Which world leaders did their best to avoid Brezhnev’s passionate kisses (PHOTOS)

Dmitry Vrubel, Fraternal kiss between Leonid Brezhnev and Erich Honecker, East Side Gallery, Berlin Wall art

Global Look Press
General Secretary Leonid Brezhnev often greeted other leaders with the centuries-old Russian tradition of triple kisses, but not everybody enjoyed it, and some did their best to escape his smooching.
Joseph Stalin (L) kissing Polar pilot Vasily Molokov (R) at his return in Moscow with Otto Schmidt (not pictured) Arctic explorer on July 4, 1937

Soviet leaders were famous for their warm embrace and brotherly kisses with comrades. Stalin had his kisses with Soviet pilots, and Khrushchev’s kiss with the first cosmonaut Yury Gagarin is an iconic image.

A kiss between Czechoslovak and Soviet party leaders Gustav Husak (left) and Leonid Brezhnev in Prague, 5 May 1970

The Soviet leader most famous for the way he greeted people was Leonid Brezhnev, head of the Soviet Communist Party from 1964 to 1982. In general, he was the butt of many jokes, and his passionate man-kisses often aroused laughter. The so-called “Triple Brezhnev” became famous abroad: one kiss on the left cheek, one on the right, and then finally on the lips. To be fair, however, Brezhnev didn’t always kiss people on the lips.

Leonid Brezhnev embracing Fidel Castro during his visit to Moscow

Not everyone enjoyed Brezhnev's warm greeting, and so, some visiting heads of state found ways to deal with the overbearing Soviet leader. For example, Cuban leader Fidel Castro decided to emerge from his plane at Moscow’s airport with a cigar in his mouth. Brezhnev, who had been waiting for his Cuban comrade, simply had no chance to demonstrate his traditional Russian hospitality.

Nicolae Ceausescu makes a visit to Leonid Brezhnev (L) In Crimea in 1979

Romanian leader Nicolae Ceausescu, who allegedly suffered from bacteriophobia, found a way to brush off Brezhnev’s advances without hurting his feelings. Perhaps the Soviet leader thought it was another sign of Romania’s special status within the Eastern bloc: Bucharest indeed enjoyed a great deal of autonomy compared to other socialist states.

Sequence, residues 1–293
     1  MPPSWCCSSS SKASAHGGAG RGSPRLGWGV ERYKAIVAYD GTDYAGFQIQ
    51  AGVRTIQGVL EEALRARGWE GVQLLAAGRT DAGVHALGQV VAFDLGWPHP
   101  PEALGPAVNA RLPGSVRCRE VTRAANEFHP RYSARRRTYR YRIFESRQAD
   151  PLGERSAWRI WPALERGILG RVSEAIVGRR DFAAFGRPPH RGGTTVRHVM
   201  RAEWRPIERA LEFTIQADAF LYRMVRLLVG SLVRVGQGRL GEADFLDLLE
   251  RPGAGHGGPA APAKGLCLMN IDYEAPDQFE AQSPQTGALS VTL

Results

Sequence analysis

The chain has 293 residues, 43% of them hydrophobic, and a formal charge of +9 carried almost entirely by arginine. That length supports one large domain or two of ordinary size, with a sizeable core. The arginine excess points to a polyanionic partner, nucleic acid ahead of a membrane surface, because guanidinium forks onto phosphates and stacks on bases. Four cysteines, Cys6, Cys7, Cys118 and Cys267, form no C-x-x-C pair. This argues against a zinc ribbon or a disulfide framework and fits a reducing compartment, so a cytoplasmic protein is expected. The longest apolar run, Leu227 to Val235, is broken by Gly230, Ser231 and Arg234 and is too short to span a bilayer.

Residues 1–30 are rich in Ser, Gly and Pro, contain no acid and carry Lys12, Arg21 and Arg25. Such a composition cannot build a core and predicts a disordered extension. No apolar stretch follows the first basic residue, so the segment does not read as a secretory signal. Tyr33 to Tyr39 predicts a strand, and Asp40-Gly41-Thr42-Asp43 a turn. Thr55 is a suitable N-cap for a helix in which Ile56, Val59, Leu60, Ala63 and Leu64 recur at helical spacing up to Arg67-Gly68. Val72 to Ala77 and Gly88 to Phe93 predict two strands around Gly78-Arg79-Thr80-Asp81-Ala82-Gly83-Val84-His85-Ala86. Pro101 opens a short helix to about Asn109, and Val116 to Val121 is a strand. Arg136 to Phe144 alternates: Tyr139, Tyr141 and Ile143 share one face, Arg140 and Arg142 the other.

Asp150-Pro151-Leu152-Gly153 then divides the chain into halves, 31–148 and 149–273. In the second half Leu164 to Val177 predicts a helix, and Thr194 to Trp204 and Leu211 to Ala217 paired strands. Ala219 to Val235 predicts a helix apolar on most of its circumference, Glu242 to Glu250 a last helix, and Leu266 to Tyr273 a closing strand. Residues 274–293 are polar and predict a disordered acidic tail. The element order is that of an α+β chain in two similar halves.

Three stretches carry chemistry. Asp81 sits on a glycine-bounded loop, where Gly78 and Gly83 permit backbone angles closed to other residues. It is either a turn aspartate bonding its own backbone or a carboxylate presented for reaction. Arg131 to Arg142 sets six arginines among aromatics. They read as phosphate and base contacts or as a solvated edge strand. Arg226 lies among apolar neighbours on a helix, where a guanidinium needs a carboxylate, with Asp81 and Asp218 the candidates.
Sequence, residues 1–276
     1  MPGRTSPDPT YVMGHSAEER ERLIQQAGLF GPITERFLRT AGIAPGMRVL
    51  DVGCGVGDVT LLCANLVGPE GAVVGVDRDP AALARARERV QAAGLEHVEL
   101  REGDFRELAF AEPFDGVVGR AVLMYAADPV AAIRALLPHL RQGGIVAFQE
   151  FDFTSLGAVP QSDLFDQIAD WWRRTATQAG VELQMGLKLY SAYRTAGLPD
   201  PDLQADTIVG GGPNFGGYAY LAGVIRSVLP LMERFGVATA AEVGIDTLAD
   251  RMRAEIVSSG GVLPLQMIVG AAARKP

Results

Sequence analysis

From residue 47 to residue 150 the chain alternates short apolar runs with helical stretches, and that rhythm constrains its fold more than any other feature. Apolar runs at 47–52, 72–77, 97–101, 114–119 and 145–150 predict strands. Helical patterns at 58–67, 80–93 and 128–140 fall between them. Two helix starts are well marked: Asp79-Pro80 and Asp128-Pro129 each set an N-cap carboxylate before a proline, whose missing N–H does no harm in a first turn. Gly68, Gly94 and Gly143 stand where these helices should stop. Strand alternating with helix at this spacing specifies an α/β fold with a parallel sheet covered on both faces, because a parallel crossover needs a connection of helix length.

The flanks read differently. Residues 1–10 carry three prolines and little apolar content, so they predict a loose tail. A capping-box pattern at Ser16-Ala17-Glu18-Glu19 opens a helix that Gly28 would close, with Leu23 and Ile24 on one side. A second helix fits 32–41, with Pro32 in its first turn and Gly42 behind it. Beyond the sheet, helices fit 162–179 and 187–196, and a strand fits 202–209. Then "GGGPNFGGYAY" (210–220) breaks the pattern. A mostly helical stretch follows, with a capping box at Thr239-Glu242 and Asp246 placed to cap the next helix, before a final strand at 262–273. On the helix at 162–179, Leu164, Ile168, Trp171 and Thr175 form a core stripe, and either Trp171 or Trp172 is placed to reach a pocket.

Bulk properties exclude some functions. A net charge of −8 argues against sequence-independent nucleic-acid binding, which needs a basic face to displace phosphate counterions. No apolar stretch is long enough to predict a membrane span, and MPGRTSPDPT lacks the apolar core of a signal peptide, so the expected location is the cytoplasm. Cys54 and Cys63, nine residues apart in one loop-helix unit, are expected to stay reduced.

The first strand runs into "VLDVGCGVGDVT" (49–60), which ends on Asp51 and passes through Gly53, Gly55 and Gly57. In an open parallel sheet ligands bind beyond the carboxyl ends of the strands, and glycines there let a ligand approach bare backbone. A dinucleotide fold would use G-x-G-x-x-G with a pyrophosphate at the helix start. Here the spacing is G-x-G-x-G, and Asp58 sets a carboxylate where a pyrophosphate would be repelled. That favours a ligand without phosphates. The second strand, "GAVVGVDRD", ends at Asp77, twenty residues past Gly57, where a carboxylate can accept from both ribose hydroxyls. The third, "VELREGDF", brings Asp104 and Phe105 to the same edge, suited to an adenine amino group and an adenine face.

President of Yugoslavia Josip Broz Tito welcoming Leonid Brezhnev at Belgrade's airport in 1971

Some leaders, however, appreciated Brezhnev’s kisses. The photo of Indian Prime Minister Indira Gandhi’s kiss with the Soviet leader hangs on the wall in the former’s museum-apartment. The kiss between Brezhnev and Yugoslavian leader Josip Broz Tito was allegedly so strong that Tito’s lip began bleeding.

Leonid Brezhnev and Yasser Arafat during the meeting in the Kremlin in 1975

They say that one of Brezhnev’s first political kisses was with Palestinian leader Yasser Arafat, who came to the Soviet Union in 1968.

Leonid Brezhnev and Erich Honecker kiss on the occasion of GDR's 30th anniversary in 1979

Certainly, the most famous was with East German leader Erich Honecker in 1979. The kiss was later depicted and immortalized on the Berlin Wall by artist Dmitry Vrubel, and was called “My God, Help Me to Survive This Deadly Love.”

Leonid Brezhnev kissing the cheek of United States President Jimmy Carter in 1979

Brezhnev kissed not only those from socialist countries or from the neutral nations of the Non-Alignment Movement. Sometimes, the Soviet leader locked lips with his foes from the capitalist world. This was the case with U.S. President Jimmy Carter.

Leonid Brezhnev at the Hungarian Agricultural Exhibition in Budapest in 1967

Another American, dance teacher Annie Hallman, who was a part of a U.S. delegation that visited the USSR in 1973, also had the chance to experience Brezhnev's kiss. Their photo made the choreographer famous on both sides of the Atlantic.

Leonid Brezhnev sees off the delegation from Bulgaria and its leader Todor Zhivkov (second from right) in 1969

Not everybody in the Soviet establishment thought that Brezhnev's affectionate kisses were a good idea. Yury Andropov, head of the KGB under Brezhnev and his successor at the helm of the USSR after his death, expressed to one of his subordinates his dismay over Brezhnev's kissing. However, in public he welcomed Brezhnev's warm embrace.

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